Prime Minister Abe Shinzo has appointed a Cabinet that, according to press reports, contains a number of ministers who want to rewrite the history of the 20th century. They, including the new minister of education, are reported as demanding the rescinding of the statement made in 1995 by former Prime Minister Tomoichi Murayama expressing remorse for Japanese atrocities in Asia.
COMMENTARY / Japan
Jan 5, 2013
Gender equality key to Japan's future prosperity
The queen's grandson Prince William, Duke of Cambridge, is second in line to the throne after his father Prince Charles, Prince of Wales. His wife, Katherine, Duchess of Cambridge, is pregnant. Under the present rules, if her first child were to be a daughter and they subsequently had a boy, the boy would automatically become the next in the line of succession.
COMMENTARY
Dec 14, 2012
Press and Internet freedom
The exposure of the scandalous behavior of the popular press in Britain in hacking into the telephones of people in the news caused such anger that the British prime minister set up a judicial inquiry into standards of behavior in the media.
COMMENTARY
Dec 5, 2012
Cast your ballots carefully
Disillusionment with politicians and established political parties has been growing in democratic countries for some time. Politicians are increasingly seen as venal. Some are incompetent and ignorant. Many are often arrogant and conceited. But we cannot do without them.
COMMENTARY
Nov 28, 2012
Failures in market economies
The eurozone has not yet collapsed and all countries not in the zone must hope that it will survive. If it did fall apart and new currencies were established, there would be serious threats not only to international trade but also to economic growth and prosperity. Competitive devaluations would exacerbate international tensions and high inflation, which might follow, could lead to the collapse of democratic governments.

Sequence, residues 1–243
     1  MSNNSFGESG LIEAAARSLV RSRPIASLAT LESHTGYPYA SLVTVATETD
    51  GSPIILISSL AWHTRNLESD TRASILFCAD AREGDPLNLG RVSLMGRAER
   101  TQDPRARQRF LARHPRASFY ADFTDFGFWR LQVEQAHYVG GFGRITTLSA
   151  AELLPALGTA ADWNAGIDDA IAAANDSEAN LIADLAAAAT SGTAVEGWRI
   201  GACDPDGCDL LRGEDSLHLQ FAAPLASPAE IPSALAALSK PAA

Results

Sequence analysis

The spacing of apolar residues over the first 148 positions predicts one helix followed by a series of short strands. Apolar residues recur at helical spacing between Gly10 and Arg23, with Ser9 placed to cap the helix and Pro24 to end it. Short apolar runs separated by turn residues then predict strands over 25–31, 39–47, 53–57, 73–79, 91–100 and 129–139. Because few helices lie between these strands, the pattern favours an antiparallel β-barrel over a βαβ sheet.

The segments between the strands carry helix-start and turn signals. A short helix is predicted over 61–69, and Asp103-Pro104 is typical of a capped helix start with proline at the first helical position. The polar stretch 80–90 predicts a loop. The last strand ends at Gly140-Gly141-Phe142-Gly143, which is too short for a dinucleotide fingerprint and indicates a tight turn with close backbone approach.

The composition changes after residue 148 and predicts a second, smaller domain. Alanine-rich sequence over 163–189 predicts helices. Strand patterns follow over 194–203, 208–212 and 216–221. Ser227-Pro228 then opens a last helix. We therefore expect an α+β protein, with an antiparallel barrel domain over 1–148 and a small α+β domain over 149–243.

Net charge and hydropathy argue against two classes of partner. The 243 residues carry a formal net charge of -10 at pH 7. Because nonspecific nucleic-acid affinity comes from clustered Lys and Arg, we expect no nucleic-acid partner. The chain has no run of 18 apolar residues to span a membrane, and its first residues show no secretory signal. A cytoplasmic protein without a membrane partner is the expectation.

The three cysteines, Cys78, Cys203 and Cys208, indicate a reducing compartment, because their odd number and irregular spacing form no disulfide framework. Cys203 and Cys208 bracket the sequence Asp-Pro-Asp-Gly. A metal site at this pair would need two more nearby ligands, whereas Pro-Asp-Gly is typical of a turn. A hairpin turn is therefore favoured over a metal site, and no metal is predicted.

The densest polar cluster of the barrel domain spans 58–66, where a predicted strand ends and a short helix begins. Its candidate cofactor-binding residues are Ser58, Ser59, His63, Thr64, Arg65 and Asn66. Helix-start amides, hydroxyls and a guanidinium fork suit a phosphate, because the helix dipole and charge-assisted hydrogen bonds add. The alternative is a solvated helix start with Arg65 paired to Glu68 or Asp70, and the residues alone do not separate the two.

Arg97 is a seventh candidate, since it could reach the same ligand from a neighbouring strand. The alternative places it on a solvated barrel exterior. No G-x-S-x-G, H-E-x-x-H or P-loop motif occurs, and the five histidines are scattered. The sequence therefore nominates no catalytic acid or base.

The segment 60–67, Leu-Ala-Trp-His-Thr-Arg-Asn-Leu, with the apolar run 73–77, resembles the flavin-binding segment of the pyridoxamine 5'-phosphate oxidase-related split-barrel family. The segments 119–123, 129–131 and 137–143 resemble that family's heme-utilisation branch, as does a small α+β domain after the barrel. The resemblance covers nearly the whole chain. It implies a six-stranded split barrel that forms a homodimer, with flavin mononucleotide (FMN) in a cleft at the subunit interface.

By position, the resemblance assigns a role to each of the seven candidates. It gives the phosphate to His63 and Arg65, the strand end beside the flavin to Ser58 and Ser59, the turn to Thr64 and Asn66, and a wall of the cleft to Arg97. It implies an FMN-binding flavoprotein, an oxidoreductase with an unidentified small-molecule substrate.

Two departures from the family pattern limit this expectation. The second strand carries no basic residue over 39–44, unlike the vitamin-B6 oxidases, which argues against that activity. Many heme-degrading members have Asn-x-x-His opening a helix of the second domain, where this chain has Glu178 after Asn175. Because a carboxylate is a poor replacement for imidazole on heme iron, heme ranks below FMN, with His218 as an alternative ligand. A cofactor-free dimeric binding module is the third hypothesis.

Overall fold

CULTURE / Books
Oct 21, 2012
Using the noodle to gain insight into Japanese culinary culture
SLURP! A Social and Culinary History of Ramen — Japan's Favorite Noodle Soup, by Barak Kushner. Global Oriental, 2012, 289 pp., $90 (hardcover) Under the heading "Ramen is Japan" Barak Kushner asserts: "Ramen (regular and instant) permeates all features of contemporary Japanese life." He goes on to declare that a lifestyle investigation in 2004 showed that an overwhelming majority of Japanese prefer ramen to other noodle dishes including soba, udon or pasta. As someone who is particularly fond of zaru-soba and who is conscious of the pride of various regions such as Nagano in their own special varieties of soba and udon, I find this surprising.
COMMENTARY
Sep 13, 2012
Airports: too few or too many?
A hot political question in London in recent weeks has been the need for more airport capacity to meet the needs of business in the 21st century. A neutral observer might think that this is essentially a matter that should be settled on the basis of supply and demand and the relationship between these two factors and the costs, which must take into account noise and pollution.
COMMENTARY
Sep 5, 2012
Paralympics a smash success
The general feeling after the London Olympics was that the excitement was over. The Paralympics would, it was feared, be a damp squib after the games. In fact the Paralympics have attracted large and enthusiastic audiences. The media have given the competitions almost as much coverage as they did to the main sporting events of the Olympics. London has again shown that Britain is capable of organizing another spectacular show.

Longform

Historically, kabuki was considered the entertainment of the merchant and peasant classes, a far cry from how it is regarded today.
For Japan's oldest kabuki theater, the show must go on